Ten years ago, artist and designer Ron Finley planted a modest vegetable garden in the little strip of soil between the sidewalk and the street outside his own front door in South Central Los Angeles. And with that small action he sowed the seeds of what he envisions as both a forest and a revolution.

A decade on, Finley’s HQ has grown into a lush garden of flowers, fruits, vegetables, grains and ad hoc sculptures. He’s lectured and worked all over the world and shot to fame with a stratospherically popular TED talk. And according to the Sunset Plaza Drive billboards asking whether “Y’all want to plant some motherfucking kale?” Finley has now taken his rightful, genre-bending place on the Masterclass online academy faculty.

When the Weekly caught up with him by video conference from the sunniest bench in his garden, we asked whether he thought that pandemic conditions had boosted interest in the Masterclass, since it’s centered around the why and how of growing one’s own food at home. He is certain that it has. “Yeah, definitely,” he says. “Motherfuckers are realizing they can’t eat diamonds. They are figuring out the true value of shit, that there are certain things you can’t buy.”

Finley’s motivation in 2010 had to do with the availability, or actually the total lack, of fresh produce at stores in his urban neighborhood — a common condition in many inner city regions around the country. And through that process he has become immersed in everything from civic policy regarding growing food on “public” lands to the ways in which communities are created, sustained and protected, to the effects of empowerment on the individual.

Finley’s Masterclass billboard on Sunset Plaza Drive

“This experience has also made me an urban sociologist, and anthropologist, and a psychologist,” he says. With his clear-eyed understanding of how food insecurity and food justice directly impact the health and well-being of a given zipcode, he has placed the act of gardening within the spheres of not only agriculture, but economics, public art, political activism and self-determination.

Now with the intensifying, overlapping contexts of disrupted food supply chains, a global health threat and resource inequity, Finley isn’t surprised more people are becoming agriculture-curious. “What if,” he offers, instead of being dependent on faceless corporate forces to shape your life, what if instead of that, “you could be your own food supply chain?”

And for Finley, the idea of growing food at home and the freedoms it affords doesn’t stop at the property line. He is an advocate for forming collectives with the neighbors on your block, sharing your crops, so that everyone ends up with some of everything they need.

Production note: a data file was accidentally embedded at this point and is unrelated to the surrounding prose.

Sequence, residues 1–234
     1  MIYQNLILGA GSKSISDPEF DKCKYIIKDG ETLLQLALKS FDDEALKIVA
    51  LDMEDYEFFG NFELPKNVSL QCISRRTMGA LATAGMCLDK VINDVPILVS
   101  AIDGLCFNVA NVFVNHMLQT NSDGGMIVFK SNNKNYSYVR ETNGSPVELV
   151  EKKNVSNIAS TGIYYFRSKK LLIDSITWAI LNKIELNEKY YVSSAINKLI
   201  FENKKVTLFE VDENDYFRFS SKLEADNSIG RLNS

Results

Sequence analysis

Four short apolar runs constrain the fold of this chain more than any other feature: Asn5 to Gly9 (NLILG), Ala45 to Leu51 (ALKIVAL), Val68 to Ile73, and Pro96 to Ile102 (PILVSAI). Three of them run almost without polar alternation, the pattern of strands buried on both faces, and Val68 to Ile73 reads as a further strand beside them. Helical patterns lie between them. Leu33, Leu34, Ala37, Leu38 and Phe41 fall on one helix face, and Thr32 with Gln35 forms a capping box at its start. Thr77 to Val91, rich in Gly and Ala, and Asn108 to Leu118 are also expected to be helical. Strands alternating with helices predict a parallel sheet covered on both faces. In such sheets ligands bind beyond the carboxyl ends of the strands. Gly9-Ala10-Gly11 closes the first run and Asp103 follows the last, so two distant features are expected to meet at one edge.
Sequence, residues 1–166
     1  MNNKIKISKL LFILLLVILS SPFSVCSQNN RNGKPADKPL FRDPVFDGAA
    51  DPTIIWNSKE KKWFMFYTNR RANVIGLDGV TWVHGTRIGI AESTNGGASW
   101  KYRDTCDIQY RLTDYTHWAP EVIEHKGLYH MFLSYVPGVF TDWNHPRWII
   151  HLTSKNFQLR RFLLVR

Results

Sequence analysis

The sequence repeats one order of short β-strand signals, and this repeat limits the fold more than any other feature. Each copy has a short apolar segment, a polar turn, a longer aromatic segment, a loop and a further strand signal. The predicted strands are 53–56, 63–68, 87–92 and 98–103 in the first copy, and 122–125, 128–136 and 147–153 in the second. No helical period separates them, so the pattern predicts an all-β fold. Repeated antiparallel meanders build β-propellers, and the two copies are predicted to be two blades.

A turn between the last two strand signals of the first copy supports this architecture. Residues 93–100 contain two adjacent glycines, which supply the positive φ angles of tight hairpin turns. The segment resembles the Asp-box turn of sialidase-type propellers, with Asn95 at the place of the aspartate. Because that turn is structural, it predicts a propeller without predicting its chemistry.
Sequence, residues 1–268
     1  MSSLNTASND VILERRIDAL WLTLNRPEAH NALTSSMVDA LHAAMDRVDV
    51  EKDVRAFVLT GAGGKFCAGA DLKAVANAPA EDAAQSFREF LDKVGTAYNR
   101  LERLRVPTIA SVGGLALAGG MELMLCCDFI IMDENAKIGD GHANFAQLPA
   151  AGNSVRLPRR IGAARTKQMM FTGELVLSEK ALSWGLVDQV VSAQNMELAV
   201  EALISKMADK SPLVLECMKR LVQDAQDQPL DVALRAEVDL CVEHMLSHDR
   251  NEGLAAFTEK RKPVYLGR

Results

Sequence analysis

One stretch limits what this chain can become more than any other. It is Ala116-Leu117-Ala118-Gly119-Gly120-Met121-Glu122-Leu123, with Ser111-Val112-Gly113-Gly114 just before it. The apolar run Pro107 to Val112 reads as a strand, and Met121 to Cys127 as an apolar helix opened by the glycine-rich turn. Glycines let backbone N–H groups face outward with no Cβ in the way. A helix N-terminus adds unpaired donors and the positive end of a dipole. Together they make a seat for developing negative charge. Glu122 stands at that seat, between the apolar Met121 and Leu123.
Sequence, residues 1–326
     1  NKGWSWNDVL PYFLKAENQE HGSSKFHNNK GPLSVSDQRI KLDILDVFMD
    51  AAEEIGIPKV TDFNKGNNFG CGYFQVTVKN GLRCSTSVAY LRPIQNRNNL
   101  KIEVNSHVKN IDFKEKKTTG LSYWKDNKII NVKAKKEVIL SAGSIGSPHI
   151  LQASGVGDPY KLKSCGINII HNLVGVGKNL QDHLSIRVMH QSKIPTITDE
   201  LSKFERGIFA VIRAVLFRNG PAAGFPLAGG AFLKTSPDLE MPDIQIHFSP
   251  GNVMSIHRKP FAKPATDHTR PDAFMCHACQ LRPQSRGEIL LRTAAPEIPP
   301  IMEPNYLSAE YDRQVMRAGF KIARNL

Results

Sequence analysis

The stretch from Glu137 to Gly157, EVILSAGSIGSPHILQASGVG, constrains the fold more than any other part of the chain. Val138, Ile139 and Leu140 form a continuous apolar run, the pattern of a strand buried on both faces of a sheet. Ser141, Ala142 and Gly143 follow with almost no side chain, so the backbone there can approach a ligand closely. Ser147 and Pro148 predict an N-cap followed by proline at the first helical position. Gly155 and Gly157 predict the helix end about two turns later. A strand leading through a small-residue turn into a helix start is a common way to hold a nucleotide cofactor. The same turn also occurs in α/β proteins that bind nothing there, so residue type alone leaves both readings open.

“Resources means more than just money,” Finley says. “It means food and neighbors, it means dirt and air. There’s so much I hope will be different in the new world that’s coming. You can design the life you want to live, and this is a wake up call. I hope.”

Ron Finley HQ (Courtesy of the artist)

The garden has always been a powerful cultural, mythological, poetic and religious symbol even across history and societies. But for Finley what a garden represents is much more than a metaphor. “The garden teaches patience and persistence, math and science,” he says, and above all, “it teaches freedom.”

So what’s growing in his garden right now? “Well,” he laughs. “What’s not growing in my garden right now? Pomegranates, nectarines, stargazers, cape gooseberries, apples, collard greens, peppers, bananas, beets, corn, sugar cane, succulents, milkweed, butterfly bush, lemons, figs…You just missed the amaryllis!”

So what exactly does his 10-lesson Masterclass “Ron Finley Teaches Gardening” course actually teach subscribers, many of whom are presumably new to the idea? As its promo says, he’s talking to people where they are, about how to make use of any and every spot of available land or wherever they can put a pot.

Ron Finley (Courtesy of Masterclass)

For example his ingenious and completely charming dresser-drawer planters, which have been especially popular on social media. It’s a good thing Finley enjoys engaging with people online, because he’s been inundated with proof from all over the world that his lessons are being learned.

“I love to be able to see that I’m changing people’s lives,” Finley says. “They send me pictures and videos, especially their dresser-drawer gardens! Now I get to see who is taking the class, or who has seen the TED talk and been inspired. And there are people from Africa, the Philippines, India, Jordan, Brazil…It’s crazy. But I love it.” And everyday it keeps growing taller.

See more about how the garden grows at ronfinley.com.

Ron Finley HQ (Courtesy of the artist)

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